The Word of God tells us that Christ comes to us. God has appointed instruments (means) to bring Jesus to us and to keep us in the faith. Those who repeatedly despise the Means of Grace harden themselves against the Gospel and lose the benefits so freely given.

These instruments are called Means of Grace because God gives us His grace in this way and only in this way.

It is easy to see how one confusion leads to another. Non-Lutherans are taught to seek comfort in the visible church (the Roman Catholic Church and now more recently the Eastern Orthodox Church). They supposedly know they are right because these institutions have always been there. It’s like being accepted at Harvard rather than Yale, because Yale represented a conservative reaction to Harvard.

Non-Lutheran Protestants are often taught that prayer is an instrument of grace, the only Means of Grace. That gets them very anxious. How do they receive this grace? They must pray, but how much is enough? What kind of prayer is correct? What should they feel? It is easy to take these people and make them pray in tongues. When that is enough, they are told they can get gold fillings (free) while praying and hear about the dead being raised in local funeral parlors.
Gold fillings and mortuary miracles seem crazy but they are recent claims with plenty of devoted followers.

This makes Lutherans sound anti-prayer, but it is a matter of emphasis. Prayer is the fruit of faith. We can see that in the Bible where prayer is urged after stating once again the Promises of God. The Word creates faith through these Gospel Promises and urges the fruit of faith as the fruit of the Spirit.

But first Christ comes to us through the Word. There we learn all God has done in the past, most importantly - redeeming the world through Christ’s crucifixion. This redemption means the price has been paid for our sins. The Gospel Promises of forgiveness and eternal life create faith and sustain faith.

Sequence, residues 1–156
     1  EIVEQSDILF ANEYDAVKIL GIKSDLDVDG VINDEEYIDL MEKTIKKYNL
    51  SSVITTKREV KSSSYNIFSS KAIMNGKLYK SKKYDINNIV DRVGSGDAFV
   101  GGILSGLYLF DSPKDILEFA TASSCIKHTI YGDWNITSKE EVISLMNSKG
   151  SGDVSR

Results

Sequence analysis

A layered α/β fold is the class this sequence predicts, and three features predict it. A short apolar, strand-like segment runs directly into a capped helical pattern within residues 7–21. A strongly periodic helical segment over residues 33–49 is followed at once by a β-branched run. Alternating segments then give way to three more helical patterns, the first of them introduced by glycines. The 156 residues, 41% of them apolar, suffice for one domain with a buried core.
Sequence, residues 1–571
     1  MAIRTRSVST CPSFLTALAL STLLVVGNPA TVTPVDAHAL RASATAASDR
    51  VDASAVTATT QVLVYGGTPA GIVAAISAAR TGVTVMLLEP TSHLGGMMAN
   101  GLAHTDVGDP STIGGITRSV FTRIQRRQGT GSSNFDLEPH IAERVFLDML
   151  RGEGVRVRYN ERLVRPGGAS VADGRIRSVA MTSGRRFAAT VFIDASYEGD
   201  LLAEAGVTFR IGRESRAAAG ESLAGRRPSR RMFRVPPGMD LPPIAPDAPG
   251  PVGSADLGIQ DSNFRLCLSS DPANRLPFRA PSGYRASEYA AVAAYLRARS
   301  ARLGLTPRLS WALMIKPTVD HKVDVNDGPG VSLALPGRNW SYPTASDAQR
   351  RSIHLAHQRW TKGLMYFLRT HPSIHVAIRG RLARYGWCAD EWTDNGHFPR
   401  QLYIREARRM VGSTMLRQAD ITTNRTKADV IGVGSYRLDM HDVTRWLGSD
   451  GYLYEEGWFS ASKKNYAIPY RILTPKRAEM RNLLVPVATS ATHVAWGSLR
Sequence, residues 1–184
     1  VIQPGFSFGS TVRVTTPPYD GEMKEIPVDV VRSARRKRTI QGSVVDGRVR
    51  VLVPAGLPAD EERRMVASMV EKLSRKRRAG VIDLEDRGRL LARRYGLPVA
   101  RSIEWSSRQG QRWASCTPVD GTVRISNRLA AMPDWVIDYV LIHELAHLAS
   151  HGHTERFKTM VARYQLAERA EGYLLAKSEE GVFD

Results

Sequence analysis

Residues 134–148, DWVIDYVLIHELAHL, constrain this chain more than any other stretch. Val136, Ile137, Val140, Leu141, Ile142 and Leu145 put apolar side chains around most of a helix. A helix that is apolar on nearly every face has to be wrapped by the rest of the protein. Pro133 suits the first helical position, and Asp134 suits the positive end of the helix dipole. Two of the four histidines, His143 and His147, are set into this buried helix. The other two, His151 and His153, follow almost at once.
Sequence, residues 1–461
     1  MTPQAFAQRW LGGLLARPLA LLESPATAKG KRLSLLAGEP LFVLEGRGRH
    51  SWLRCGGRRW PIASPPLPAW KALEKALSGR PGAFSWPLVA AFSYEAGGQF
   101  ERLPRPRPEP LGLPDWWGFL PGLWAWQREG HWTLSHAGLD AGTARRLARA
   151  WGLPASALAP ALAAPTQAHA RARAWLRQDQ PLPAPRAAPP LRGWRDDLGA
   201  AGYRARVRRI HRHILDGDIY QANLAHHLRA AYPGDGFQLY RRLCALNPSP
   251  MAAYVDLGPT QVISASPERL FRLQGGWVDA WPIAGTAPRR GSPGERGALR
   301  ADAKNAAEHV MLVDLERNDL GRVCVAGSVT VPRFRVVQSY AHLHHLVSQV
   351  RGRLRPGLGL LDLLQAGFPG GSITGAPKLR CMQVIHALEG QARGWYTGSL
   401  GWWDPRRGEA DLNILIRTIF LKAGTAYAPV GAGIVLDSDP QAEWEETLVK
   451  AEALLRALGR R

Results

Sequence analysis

We doubt and our faith gets wobbly. The Gospel Promises attack doubt at the root – our human reason, experience, and emotions. The wonderful thing about babies is they lack adult reason and experience. They hear the Word at baptism and believe. Loving parents nurture that faith with Biblical training. Everything a child does, even soiling his diaper, is glorifying God, because everything done in faith glorifies God.

It is odd how often Roman Catholic errors get reproduced by Protestants. For instance, we often hear about monks praying for hours, whipping themselves, and making a point of their suffering. Some Protestants do many of the same things, carrying on as publicly as possible, emphasizing their own sanctification, not Christ, who sanctifies us with His Word.

When we try to figure out our lives, the Word shows us that the tangled ball of yarn we live with makes sense according to God’s purpose. I recall when the actor who played Superman was asked about his accident, causing him paralysis and ultimately death, he said, “No, there is no purpose. Things happen randomly.” On the other hand, a believer knows that God’s gracious purpose may seem mysterious at the moment but is not to be questioned. God has the power and uses the power to turn evil into good.

We say Means of Grace, because God always displays His grace rather than demanding our worthiness. In a world of earning everything, the Gospel tells us that Christ has earned this forgiveness for us. The price has been paid, so this redemptive and forgiving message comes to us through the Word, creating and strengthening faith, which receives the grace offered.

Faith is another word for trust, not another word for virtue. Trust comes from the Holy Spirit working through the Word. We experience that trust dramatically when we sing hymns by Gerhard. The Scriptural words, which were forged in times of great personal hardship, are the sweetest comfort for people suffering. And they are lessons to learn for the future when times of trial arrive. If we look closely at the child-like words of faith, they reflect times of great agony that purified his faith.

So the Means of Grace keep producing the nine-fold fruits of the Spirit. But what is the message of these Means?

The message is forgiveness of sin. We are so weak and fallible that we continue as constant reminders of the Old Adam in each one of us. Knowing that God’s grace comes to us in the Word, as forgiven sinners, we strive to be as forgiving as God.